A bipartisan pair of lawmakers pushed Wednesday for a 15-cent increase in the tax that is paid by drivers when they fill up at the pump.
Drivers have been charged an extra 18.4 cents per gallon at the pump to help pay for transportation projects since 1993 under the federal gas tax.
Reps. Tom PetriThomas (Tom) Evert PetriKeep our elections free and fair Break the cycle of partisanship with infant, child health care programs Combine healthcare and tax reform to bring out the best in both MORE (R-Wis.) and Earl BlumenauerEarl BlumenauerProgressives push for fossil subsidy repeal in spending bill The Hill's Morning Report - Presented by Alibaba - House Democrats plagued by Biden agenda troubles Oregon legislature on the brink as Democrats push gerrymandered maps MORE (D-Ore.) said Wednesday that it was time to ask drivers to pay more to help improve the roads they drive on everyday.
“I am co-sponsoring Rep. Blumenauer's bill because we need a first-rate transportation system and the responsible thing to do is pay for it,” Petri said at a press conference on Wednesday.
Petri and Blumenauer are offering legislation now that would phase in the gas tax increase over the next three years.
Petri is retiring at the end of the year, but he said Wednesday that Congress should take up the gas tax measure, which is known as the Update, Promote and Develop America’s Transportation Essentials (Update) Act, before he leaves office.
“For too long we have watched unmet infrastructure needs increase and the regular funding source to meet these needs become less and less relevant over time,” he said. “We have to ask ourselves what is the more fiscally responsible route to take — budget gimmicks that fool taxpayers into thinking we have offset spending but that, in reality, put more debt in the hands of future generations? Or, restoring purchasing power to the Trust Fund so we can meet our transportation needs now and in the future?”
The push for an increase in the gas tax comes as the AAA auto club predicted on Wednesday that gas prices in the U.S. could drop another 15 to 20 cents per gallon by New Year’s Day.
The gas tax, which pre-dates the development of the Interstate Highway System by nearly two decades, has been the primary source for federal transportation projects since its creation in the 1930s.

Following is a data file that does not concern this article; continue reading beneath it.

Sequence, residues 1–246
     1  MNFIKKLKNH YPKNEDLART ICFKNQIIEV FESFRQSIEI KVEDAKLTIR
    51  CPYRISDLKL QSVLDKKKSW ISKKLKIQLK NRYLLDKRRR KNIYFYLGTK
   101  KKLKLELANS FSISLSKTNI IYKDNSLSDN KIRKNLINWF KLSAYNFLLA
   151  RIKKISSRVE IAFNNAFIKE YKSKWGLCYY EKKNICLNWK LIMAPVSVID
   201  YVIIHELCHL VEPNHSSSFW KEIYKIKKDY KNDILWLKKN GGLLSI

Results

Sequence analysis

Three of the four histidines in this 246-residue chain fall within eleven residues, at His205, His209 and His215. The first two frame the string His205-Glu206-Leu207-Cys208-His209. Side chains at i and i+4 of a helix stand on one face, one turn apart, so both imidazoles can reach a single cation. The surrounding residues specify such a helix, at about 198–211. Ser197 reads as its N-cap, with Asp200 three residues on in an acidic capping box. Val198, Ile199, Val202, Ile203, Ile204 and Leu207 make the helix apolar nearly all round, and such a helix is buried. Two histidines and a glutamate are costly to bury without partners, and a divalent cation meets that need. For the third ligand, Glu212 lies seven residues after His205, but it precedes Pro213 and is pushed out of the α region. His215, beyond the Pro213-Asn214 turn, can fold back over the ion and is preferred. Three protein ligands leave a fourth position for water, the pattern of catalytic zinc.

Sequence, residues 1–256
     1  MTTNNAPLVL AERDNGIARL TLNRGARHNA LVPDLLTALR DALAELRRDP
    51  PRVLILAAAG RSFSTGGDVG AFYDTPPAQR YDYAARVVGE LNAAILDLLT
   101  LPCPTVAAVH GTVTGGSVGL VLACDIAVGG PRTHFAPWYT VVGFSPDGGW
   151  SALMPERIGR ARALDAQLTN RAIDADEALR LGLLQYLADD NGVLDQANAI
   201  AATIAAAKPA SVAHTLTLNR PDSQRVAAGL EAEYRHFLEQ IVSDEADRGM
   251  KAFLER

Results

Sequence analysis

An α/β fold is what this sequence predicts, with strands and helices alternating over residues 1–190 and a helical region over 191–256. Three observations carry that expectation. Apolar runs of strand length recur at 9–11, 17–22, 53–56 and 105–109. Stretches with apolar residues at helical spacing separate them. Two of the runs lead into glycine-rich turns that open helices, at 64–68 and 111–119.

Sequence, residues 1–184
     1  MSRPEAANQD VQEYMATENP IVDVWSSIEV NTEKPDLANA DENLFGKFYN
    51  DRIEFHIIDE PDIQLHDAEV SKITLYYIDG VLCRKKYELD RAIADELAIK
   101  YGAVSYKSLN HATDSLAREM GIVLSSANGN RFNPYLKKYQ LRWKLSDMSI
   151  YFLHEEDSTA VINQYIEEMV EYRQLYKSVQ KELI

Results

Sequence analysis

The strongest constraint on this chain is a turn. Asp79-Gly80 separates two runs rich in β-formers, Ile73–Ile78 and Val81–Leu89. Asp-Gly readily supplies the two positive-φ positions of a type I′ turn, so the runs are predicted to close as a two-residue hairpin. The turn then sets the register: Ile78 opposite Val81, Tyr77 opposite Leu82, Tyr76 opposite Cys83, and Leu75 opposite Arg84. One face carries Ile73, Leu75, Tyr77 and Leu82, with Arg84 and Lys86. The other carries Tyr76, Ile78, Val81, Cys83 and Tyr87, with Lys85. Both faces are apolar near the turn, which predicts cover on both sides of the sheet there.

Receipts from the gas tax have been outpaced by transportation expenses by about $16 billion annually in recent years as construction costs have risen and cars have become more fuel efficient.
The current level of federal spending on transportation is about $50 billion per year, but the gas tax only brings in about $34 billion annually at its current rate.
Blumenauer said the idea of increasing the gas tax to help close the gap should be able to overcome partisan divides in Washington.
“We all use our roads, bridges and rail, whether we’re Republicans or Democrats, rural or urban,” Blumenauer said. “[President] Reagan also knew that the gas tax is actually a user fee, which means that those who use the roads the most are the ones paying for them. This should be our last gas tax increase ever, as we look for fairer and more sustainable funding methods, but it’s necessary to bridge the gap and keep our country moving.”
Transportation advocates have frequently cited Reagan’s support for a gas tax increase in 1982 in an attempt to build support among modern Republicans for a 2014 hike, but they have so far been unsuccessful.
Petri said Wednesday that the 40th president was right to increase the gas tax in the early 1980s.
"Reagan supported raising the gas tax back in 1982 because he believed in funding American infrastructure in a responsible way. I think he was right, and it's the best course of action we can take at this time.”
Lawmakers have turned to other areas of the federal budget in recent years to close the gap in lieu of asking drivers to pay more at the pump, but critics say the temporary bandages are contributing to a weakened national infrastructure.
Congress had a chance to pass a multi-year transportation funding package earlier this year, but lawmakers could not agree on a way to pay for more than a couple of months' worth of projects, resulting in a temporary extension that lasts only until May 2015.
The nearly $11 billion measure, which reauthorized the collection of the gas tax but did not increase it, was intended only to prevent a bankruptcy in the Department of Transportation’s Highway Trust Fund.
The trust fund had been scheduled to run out of money in September without congressional action.
Transportation advocates have suggested that the current lame-duck session would be the best time for lawmakers to raise the gas tax because it would be more politically viable than it would be during the next Congress. But lawmakers have shown little appetite for tackling the proposed hike before the end of the year, despite the bipartisan display on Wednesday by Petri and Blumenauer.